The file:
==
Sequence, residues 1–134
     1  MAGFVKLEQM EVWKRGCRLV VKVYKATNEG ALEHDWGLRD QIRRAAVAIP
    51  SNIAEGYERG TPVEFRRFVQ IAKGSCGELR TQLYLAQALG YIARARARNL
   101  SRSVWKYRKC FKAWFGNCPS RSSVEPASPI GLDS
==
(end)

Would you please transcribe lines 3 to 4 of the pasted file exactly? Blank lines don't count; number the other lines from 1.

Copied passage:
    51  SNIAEGYERG TPVEFRRFVQ IAKGSCGELR TQLYLAQALG YIARARARNL
   101  SRSVWKYRKC FKAWFGNCPS RSSVEPASPI GLDS